• Dagger 2: Best tool for implementing Dependency Inversion Principle (DIP) in android– if you don’t have any idea about DIP, this post might help. DIP is not necessary for comparing the architectures above, and I have not used it here for simplicity. However, since some DIP tool is required for implementing the Clean Architecture, I have used it there.

Buckled up? Let’s go.


Android architecture for apps

App architecture is all about identifying the main components of the app, describing their relations and getting the big picture of the app to address both functional and non-functional requirements. This definition is general and applicable to apps of any operating system.

The common component in apps of any OS is the one responsible for showing the graphical user interface to the users. In android architecture, the Activity is the component rendering the UI. So, in any android app architecture the view must be either an extension of Activity or its subcomponent, i.e. Fragment.

The most basic android app in terms of architecture would therefore be the one handling everything inside the view layer, which is the Activity or Fragment. The “no-architecture” term I used in the previous section pertains to this case, because having the view layer is inevitable in every app.


1- “no-architecture”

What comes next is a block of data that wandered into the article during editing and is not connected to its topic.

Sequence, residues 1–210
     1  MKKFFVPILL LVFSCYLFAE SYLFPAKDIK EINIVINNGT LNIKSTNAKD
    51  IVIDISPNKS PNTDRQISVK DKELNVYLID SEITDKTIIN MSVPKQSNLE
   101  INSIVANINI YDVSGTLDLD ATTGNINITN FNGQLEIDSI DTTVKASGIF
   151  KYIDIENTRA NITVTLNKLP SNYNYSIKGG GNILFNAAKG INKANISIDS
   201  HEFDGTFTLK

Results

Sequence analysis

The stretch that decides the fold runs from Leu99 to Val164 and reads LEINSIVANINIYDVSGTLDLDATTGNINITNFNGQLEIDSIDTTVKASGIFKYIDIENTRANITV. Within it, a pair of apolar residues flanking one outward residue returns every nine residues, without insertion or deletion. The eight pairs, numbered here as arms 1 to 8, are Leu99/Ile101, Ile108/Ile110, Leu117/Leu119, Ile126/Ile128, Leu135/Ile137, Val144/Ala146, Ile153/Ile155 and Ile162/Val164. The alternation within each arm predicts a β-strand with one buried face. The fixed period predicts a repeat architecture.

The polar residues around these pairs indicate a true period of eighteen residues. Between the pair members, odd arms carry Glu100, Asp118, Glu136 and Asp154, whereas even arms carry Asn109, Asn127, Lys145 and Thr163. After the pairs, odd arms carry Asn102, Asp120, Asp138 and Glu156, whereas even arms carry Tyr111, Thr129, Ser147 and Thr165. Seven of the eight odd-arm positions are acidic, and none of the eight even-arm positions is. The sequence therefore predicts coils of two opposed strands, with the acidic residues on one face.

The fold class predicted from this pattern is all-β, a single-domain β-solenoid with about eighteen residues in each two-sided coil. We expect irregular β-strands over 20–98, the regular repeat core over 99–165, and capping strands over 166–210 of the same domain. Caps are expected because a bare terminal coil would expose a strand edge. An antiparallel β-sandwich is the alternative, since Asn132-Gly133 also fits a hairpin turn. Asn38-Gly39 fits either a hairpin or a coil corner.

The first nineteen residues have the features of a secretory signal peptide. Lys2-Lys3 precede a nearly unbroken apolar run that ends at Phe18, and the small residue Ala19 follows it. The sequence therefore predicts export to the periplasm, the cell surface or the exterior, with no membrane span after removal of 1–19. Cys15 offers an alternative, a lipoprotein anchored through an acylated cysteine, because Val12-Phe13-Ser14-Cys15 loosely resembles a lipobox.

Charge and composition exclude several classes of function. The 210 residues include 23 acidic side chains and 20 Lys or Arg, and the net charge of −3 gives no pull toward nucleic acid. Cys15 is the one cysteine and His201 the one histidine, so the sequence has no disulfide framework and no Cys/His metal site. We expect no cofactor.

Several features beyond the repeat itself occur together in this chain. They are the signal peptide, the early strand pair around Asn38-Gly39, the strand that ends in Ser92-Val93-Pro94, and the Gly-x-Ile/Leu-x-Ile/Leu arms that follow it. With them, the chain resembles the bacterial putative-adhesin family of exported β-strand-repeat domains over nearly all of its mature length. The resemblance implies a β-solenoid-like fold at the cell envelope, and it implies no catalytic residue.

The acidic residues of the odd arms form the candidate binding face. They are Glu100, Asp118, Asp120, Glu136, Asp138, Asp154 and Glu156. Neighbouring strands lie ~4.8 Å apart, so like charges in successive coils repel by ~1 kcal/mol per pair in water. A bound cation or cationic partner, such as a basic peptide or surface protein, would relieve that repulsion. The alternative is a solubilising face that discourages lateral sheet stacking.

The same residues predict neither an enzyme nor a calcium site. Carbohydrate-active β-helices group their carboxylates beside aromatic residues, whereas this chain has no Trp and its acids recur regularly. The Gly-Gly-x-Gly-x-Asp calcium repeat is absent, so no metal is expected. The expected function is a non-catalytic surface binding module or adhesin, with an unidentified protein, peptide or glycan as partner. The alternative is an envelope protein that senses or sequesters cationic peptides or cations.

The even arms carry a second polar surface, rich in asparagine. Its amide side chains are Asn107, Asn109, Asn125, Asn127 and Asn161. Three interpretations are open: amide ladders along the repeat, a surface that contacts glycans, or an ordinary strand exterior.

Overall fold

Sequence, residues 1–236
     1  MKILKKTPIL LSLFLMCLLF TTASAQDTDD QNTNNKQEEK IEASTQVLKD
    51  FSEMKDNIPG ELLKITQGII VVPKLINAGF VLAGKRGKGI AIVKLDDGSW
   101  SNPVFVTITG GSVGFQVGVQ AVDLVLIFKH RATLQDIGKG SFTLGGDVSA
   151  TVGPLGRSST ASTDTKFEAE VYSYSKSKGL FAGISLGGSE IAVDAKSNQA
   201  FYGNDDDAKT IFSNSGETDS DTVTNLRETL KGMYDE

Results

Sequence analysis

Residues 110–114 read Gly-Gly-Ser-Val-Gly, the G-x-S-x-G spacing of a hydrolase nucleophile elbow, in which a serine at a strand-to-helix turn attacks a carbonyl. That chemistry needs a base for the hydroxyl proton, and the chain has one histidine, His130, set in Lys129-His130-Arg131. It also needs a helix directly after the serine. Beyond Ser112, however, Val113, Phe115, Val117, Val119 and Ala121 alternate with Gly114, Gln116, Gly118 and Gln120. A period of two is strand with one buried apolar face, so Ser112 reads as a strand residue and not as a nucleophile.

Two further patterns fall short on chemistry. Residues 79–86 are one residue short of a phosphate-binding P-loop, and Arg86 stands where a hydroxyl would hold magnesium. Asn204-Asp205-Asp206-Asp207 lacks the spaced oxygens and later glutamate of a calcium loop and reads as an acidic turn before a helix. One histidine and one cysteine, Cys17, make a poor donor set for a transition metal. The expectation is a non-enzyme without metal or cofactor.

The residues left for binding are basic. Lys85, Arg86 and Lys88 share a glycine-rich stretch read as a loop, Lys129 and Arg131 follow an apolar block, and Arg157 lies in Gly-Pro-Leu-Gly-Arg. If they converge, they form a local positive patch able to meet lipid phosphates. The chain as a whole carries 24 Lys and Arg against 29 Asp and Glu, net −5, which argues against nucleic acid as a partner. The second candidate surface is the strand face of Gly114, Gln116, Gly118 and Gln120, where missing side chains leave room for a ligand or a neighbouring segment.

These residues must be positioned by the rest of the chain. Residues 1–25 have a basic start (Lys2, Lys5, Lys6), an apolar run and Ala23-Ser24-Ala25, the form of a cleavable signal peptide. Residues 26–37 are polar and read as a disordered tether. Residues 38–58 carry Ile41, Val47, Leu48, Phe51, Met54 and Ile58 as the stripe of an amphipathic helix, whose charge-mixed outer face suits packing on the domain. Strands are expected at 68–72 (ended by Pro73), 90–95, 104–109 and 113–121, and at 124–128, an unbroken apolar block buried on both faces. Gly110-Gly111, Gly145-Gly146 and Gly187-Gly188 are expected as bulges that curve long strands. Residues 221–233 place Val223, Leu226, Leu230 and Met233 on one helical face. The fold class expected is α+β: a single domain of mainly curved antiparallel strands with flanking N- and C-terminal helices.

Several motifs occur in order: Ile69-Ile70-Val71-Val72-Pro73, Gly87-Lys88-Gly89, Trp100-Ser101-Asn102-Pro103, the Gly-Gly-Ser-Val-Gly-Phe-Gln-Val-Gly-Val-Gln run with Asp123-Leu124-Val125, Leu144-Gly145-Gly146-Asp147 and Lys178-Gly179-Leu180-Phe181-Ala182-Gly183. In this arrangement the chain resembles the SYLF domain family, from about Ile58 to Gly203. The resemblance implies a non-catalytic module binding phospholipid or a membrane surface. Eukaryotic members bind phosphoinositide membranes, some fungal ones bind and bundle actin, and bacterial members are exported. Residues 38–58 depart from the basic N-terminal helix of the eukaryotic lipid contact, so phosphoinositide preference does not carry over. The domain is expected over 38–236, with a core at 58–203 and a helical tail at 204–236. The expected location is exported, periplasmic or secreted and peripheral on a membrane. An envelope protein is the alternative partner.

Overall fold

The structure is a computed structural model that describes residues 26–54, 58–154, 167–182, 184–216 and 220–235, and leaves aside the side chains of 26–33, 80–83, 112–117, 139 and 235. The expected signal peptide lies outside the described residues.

As the name suggests, there is no layering here, the whole app consists of two Activities: MainActivity for showing the search results and DetailActivity for the details of the selected movie. The complete code for this case is in the “no-architecture” branch of the GitHub repo.

What’s wrong with the “no-architecture”?

Short practical answer: Neither testable, maintainable or scalable.

Short fundamental answer: Not meeting SOLID principles

Detailed answer: 

Testability: Suppose you want to test if the correct method is called when the user clicks on search, or you want to make sure the progress bar is shown until the result is returned from the network. Neither of this is possible here, because for this to happen you need to mock some part in order to test the other part. Since there is only one part here (MainActivity), mocking is not possible and so is the testing.

Maintainability: Let’s say you need to change the endpoint for the network search or you’re asked to show some animation after the results have been loaded. For these and any other change request, all the changes need to be made to the view, i.e. MainActivity, even if the issue of maintenance is with the business logic. This renders maintainability very difficult if not impossible in the long run.

Scalability: Same as maintainability, any feature to be added to the app has something to do with the view, making it impractical at some stage.

Not meeting SOLID principles: It breaks the Open/Close principle for the MainActivity class having many responsibilities rather than one. Also, the code is not open for extension and closed for modification.

In the next part, I am going to restructure the same app in MVC and show its strengths in improving the shortcomings listed above as well as its weaknesses.

Please help by spreading the word:

Leave a Reply

Your email address will not be published. Required fields are marked *